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Officials close shellfish harvest areas off LI

State officials said Thursday they would close 52 acres of shellfish harvest areas in Suffolk, citing elevated bacteria levels that can make shellfish unsafe to consume. New seasonal limits were also imposed on 2,155 acres off Hempstead, East Hampton and Southold, where harvesting will only be allowed at certain times.

The state Department of Environmental Conservation said the changes followed tests that showed water there had elevated levels of coliform and fecal bacteria that correspond with an increased risk of illness for people who eat shellfish. The new rules take effect immediately and may be updated as changes in water quality warrant, the agency said.

The biggest affected area is a 2,043-acre band of shellfish beds in the middle of East Bay between the Meadowbrook and Wantagh parkways, which will now be open only seasonally. Just three years ago, the DEC had declared those beds safe for year-round harvesting.

Similar adjustments happen each year as bacteria levels fluctuate, said the DEC's William Hastback.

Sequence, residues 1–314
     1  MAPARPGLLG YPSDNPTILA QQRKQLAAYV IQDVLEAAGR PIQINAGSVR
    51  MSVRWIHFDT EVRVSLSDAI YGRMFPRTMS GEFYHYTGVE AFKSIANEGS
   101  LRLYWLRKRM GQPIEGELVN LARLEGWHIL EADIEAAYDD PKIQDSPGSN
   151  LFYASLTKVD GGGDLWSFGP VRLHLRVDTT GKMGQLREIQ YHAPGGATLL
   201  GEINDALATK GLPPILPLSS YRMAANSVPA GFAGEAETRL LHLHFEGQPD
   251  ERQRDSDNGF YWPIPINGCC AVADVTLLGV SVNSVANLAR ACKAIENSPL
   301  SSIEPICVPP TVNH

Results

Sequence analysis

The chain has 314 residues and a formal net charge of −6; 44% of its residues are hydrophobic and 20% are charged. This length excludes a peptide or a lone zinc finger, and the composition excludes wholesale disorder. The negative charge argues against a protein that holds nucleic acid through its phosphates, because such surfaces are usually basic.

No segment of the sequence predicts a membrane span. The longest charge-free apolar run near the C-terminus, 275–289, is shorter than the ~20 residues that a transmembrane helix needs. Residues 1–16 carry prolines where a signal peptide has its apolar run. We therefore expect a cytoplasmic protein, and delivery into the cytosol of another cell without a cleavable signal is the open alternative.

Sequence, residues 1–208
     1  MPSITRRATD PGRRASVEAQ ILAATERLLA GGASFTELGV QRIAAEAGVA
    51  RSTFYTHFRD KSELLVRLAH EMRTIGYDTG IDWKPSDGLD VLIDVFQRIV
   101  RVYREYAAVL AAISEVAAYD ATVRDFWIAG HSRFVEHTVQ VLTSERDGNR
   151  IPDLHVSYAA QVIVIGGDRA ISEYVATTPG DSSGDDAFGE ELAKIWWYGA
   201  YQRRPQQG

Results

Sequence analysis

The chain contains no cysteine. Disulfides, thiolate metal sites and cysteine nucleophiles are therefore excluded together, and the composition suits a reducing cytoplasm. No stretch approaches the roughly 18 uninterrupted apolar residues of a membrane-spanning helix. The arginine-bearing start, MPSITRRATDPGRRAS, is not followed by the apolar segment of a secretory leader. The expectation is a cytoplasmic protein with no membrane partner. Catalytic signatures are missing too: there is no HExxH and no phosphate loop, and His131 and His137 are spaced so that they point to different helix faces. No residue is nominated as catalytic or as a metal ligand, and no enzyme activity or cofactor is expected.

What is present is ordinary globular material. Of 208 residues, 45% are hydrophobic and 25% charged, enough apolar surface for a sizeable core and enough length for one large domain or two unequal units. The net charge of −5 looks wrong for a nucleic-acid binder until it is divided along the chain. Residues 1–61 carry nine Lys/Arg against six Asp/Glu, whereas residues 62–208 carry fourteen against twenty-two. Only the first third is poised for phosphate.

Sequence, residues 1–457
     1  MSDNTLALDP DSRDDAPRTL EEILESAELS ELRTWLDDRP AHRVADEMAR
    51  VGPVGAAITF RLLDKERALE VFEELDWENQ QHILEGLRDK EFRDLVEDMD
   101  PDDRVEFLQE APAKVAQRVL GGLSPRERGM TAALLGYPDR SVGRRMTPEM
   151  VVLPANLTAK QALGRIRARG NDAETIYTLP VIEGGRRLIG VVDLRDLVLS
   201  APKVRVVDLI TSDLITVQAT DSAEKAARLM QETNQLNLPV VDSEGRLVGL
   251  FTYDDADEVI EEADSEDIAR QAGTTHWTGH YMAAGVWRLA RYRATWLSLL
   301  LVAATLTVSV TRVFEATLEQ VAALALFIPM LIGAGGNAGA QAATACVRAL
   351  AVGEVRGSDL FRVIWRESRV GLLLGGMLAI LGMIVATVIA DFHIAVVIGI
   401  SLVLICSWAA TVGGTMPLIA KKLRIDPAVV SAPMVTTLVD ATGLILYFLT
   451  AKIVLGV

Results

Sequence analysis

Pollution culprits include storm-water runoff and waterfowl feces. "These are areas that are marginally meeting water quality criteria - then they don't, and we have to close them," Hastback said.

It's not clear how this year's changes will affect harvesters. New York issued 1,680 shellfish diggers permits as of August, but the state does not know how many permit holders do it full time or use the affected areas, according to a DEC regulatory impact statement.

The state does not have updated information on shellfish abundance in those areas.

Now closed year-round: nine acres in Islip's Nicoll Bay at the mouth of Homan Creek, as well as 39 acres in Three Mile Harbor and 4 acres in Hog Creek, both off East Hampton.

Areas with new or altered seasonal limits (seasons vary by location): 6 acres in Hands Creek and eight in Hog Creek, both off East Hampton, as well as 98 acres in West Creek off Southold and 2,043 acres in Hempstead's East Bay.

For more information, call the DEC at 631-444-0475.

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